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Reuters Health Information (2004-01-12): Ascertainment policy, not early discharge, tied to increase in neonatal jaundice

Public Health

Ascertainment policy, not early discharge, tied to increase in neonatal jaundice

Last Updated: 2004-01-12 10:41:58 -0400 (Reuters Health)

NEW YORK (Reuters Health) - The former managed care policy of sending most mothers and newborns home less than two days after delivery does not appear to have caused a spike in infant jaundice and feeding problems, Harvard researchers report.

Early discharges were common in the 1990s in the U.S., as managed care plans tried to curb costs. By the late 90s, however, public reaction had moved Congress and most states to pass minimum-stay laws guaranteeing that insurance plans would cover 48 hours of hospital care after delivery.

Still, whether early-discharge policies had ill effects on newborn health -- and whether minimum-stay laws have had health benefits -- remains unclear.

A new study, reported in the January issue of Pediatrics, looked at nearly 20,400 mother-infant pairs covered by one large Massachusetts HMO between 1990 and 1998. In 1994, the health plan started a policy under which most women with uncomplicated deliveries were sent home with their babies after only one overnight hospital stay. The policy was ended in 1996 when Massachusetts passed its minimum-stay law.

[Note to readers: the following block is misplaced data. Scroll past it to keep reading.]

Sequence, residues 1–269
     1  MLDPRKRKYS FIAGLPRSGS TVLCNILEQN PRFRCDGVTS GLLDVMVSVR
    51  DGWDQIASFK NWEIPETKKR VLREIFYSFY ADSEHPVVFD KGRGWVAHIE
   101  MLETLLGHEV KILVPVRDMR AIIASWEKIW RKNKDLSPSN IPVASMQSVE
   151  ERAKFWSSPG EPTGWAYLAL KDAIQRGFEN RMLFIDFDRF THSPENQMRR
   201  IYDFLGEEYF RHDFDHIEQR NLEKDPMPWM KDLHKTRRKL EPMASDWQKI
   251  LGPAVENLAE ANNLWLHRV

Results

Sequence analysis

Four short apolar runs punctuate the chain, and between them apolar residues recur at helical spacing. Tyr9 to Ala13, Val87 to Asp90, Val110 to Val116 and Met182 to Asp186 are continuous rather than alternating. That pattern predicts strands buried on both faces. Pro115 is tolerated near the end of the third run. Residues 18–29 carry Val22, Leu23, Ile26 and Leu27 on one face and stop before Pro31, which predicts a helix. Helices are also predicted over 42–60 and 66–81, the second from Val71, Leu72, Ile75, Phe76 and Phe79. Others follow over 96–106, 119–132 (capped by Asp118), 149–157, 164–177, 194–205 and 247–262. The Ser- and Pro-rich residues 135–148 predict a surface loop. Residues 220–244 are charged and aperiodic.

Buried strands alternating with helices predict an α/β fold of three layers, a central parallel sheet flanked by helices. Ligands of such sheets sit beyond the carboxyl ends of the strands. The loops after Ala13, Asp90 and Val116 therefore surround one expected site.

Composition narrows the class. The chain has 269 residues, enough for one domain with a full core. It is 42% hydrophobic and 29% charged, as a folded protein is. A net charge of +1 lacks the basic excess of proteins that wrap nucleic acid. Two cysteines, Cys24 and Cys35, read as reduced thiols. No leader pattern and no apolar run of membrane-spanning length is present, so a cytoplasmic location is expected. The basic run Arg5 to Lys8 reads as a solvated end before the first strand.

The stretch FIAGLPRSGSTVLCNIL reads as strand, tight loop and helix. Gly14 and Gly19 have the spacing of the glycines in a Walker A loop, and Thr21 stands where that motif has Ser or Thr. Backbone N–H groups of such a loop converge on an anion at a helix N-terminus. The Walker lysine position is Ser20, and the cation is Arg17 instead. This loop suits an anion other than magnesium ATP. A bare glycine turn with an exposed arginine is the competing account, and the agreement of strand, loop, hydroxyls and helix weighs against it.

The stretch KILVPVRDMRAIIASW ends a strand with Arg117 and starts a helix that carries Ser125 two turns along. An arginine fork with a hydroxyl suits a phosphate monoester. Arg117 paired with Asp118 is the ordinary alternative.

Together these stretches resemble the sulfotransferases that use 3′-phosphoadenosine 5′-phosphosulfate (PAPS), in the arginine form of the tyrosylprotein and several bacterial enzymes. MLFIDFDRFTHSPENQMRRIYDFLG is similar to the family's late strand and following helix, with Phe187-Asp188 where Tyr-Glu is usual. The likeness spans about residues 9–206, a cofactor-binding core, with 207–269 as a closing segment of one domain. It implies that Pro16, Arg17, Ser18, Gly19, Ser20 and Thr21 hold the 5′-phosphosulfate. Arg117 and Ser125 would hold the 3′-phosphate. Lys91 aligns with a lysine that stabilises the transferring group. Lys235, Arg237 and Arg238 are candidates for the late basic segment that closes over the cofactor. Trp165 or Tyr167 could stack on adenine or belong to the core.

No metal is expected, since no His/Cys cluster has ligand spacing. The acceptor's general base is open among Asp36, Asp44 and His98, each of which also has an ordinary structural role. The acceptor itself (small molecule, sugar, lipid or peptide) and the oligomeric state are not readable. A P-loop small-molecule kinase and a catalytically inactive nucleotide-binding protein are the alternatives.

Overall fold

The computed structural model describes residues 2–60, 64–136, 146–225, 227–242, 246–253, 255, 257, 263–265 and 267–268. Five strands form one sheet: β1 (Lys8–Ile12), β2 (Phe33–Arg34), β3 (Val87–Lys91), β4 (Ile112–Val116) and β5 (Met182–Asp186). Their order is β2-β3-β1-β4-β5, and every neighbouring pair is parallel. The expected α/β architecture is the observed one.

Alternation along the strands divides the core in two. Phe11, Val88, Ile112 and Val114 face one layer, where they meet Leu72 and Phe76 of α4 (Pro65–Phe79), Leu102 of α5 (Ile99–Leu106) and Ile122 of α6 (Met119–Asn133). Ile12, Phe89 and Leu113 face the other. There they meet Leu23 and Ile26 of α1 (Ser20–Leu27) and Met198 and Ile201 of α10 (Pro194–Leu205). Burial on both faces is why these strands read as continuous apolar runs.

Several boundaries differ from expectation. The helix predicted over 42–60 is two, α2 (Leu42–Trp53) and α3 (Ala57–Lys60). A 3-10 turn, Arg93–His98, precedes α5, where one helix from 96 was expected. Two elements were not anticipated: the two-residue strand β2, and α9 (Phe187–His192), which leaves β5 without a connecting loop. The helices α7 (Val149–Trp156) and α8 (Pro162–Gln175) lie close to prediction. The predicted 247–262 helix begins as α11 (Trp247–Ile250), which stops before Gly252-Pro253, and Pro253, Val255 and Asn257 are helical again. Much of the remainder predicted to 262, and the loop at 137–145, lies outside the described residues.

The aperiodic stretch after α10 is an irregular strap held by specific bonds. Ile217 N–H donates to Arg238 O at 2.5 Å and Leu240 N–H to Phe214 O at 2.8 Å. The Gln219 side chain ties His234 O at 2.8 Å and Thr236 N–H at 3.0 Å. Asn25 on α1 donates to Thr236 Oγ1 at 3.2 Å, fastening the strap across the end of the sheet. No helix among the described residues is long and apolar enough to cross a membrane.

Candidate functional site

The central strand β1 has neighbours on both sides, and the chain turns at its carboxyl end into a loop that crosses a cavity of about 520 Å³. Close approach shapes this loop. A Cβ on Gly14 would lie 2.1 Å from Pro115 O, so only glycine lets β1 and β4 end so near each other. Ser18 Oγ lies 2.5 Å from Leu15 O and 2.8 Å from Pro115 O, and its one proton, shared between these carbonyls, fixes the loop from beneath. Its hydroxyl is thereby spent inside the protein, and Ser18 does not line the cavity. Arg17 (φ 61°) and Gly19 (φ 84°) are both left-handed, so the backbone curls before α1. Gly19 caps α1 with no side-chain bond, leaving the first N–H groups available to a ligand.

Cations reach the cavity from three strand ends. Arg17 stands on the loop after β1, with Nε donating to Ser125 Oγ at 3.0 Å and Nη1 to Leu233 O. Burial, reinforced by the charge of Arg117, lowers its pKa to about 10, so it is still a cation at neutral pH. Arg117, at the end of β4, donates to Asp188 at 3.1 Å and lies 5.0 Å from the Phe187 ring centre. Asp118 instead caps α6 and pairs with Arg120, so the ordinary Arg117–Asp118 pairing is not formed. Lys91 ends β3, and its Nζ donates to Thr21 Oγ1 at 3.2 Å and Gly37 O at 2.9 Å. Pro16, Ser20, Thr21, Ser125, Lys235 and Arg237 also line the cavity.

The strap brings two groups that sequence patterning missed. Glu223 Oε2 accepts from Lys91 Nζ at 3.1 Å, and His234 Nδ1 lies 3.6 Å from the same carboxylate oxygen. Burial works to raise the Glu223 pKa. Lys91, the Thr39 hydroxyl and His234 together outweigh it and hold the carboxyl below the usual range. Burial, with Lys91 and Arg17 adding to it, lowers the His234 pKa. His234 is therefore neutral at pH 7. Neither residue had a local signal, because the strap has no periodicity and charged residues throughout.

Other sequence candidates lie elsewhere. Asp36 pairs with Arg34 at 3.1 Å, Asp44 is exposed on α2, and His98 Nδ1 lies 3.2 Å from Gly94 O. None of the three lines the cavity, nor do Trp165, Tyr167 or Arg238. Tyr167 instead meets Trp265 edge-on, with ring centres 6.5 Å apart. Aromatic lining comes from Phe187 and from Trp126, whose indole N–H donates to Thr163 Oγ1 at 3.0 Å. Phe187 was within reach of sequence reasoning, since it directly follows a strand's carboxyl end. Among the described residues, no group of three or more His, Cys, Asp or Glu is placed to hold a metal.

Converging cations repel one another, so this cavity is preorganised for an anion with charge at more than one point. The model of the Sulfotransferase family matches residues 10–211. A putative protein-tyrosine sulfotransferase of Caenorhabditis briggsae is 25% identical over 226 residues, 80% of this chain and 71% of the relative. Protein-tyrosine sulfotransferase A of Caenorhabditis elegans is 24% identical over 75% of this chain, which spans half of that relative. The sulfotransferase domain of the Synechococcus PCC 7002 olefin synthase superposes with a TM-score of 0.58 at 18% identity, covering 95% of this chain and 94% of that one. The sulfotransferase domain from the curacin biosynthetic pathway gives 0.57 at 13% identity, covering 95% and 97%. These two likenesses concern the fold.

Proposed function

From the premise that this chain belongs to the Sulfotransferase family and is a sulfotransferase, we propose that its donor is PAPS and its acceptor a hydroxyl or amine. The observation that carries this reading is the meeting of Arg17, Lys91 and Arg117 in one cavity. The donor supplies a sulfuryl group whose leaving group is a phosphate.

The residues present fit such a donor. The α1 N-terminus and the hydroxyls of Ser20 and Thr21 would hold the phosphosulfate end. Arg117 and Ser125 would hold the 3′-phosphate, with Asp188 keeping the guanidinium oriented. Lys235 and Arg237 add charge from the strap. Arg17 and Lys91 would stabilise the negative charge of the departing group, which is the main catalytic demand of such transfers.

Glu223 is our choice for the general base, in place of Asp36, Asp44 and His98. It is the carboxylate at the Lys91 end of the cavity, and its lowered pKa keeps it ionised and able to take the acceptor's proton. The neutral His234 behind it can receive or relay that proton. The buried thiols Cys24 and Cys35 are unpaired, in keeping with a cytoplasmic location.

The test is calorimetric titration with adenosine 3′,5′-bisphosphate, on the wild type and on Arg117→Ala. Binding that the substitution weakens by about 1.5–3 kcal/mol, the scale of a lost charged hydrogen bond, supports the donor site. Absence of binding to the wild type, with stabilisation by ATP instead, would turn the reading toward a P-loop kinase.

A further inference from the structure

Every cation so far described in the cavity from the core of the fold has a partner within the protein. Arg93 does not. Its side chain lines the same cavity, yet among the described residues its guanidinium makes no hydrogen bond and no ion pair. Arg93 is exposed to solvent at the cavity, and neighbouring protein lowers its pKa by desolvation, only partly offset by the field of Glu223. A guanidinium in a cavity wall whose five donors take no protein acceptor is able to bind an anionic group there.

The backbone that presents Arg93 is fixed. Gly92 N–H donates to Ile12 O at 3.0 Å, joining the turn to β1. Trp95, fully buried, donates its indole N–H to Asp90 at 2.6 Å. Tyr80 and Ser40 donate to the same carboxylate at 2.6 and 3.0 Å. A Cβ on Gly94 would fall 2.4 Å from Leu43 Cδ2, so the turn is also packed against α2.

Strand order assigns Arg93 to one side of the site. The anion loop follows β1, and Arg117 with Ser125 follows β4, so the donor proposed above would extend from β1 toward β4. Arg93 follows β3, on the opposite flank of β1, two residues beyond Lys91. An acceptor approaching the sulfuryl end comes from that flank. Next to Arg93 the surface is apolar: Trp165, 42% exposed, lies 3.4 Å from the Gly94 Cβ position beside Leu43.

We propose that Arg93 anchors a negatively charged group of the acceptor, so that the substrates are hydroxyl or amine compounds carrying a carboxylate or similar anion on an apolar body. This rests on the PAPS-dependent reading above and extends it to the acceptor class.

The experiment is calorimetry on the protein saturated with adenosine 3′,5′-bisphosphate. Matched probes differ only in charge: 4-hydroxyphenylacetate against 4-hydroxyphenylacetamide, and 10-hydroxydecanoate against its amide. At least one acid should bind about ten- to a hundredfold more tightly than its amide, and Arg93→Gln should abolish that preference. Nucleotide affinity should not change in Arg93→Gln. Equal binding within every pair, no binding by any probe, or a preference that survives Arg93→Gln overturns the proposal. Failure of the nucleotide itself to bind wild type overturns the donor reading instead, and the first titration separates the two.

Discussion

Researchers found that although jaundice and feeding difficulties rose during the HMO's early-discharge policy, they remained elevated after the state law was passed.

In the 4 years before the early-discharge policy, jaundice diagnoses remained steady at about 8% of newborns, then increased to 11% during the policy, and remained there after the law.

Similarly, feeding problems -- mainly difficulties with breastfeeding -- more than doubled after the policy was launched, then remained elevated after the law took hold.

According to the study authors, better detection of these complications -- due, in part, to the design of the early-discharge policy -- seem to explain the increase. Under the HMO's policy, mothers and infants who were discharged less than two days after delivery received a home visit from a nurse when the baby was 3 or 4 days old.

It's this visit that was probably key, since jaundice and feeding problems peak around the third or fourth day of life, lead author Dr. Jeanne M. Madden told Reuters Health.

"I suspect the most important thing...was the home visits," said Dr. Madden, of Harvard Medical School and Harvard Pilgrim Health Care, the HMO that covered the women in the study.

Other likely contributing factors include two national guidelines on newborn care issued around the time of the HMO policy -- one on hospital stays after delivery, and one on jaundice management -- according to Dr. Madden's team. The researchers say these factors created lasting changes in newborn care that kept diagnoses of jaundice and feeding problems elevated after the minimum-stay law went into effect.

Dr. Madden noted that even after the law, many women in the HMO still received a home visit on day three or four, since the law mandated coverage of a home visit if a woman chose to stay in the hospital for less than 48 hours.

Dr. Madden said the new findings add to earlier evidence that the early-discharge policy was instituted safely. Using the same study population, she and her colleagues had previously found that newborns who stayed in the hospital for one night were no more likely than those kept two nights to be rehospitalized or visit the emergency department in their first 10 days of life.

Pediatrics 2004;113:42-49.

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